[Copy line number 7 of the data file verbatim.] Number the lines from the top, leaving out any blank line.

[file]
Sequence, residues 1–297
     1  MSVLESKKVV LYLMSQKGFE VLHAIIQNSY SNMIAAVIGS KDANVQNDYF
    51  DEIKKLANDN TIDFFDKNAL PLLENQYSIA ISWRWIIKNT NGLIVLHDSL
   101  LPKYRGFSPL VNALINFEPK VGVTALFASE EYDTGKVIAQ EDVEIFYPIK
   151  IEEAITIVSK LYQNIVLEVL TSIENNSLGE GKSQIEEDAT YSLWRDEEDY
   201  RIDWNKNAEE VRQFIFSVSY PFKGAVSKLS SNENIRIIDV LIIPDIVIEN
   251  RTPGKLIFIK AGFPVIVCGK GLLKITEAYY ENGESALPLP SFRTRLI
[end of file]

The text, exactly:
   251  RTPGKLIFIK AGFPVIVCGK GLLKITEAYY ENGESALPLP SFRTRLI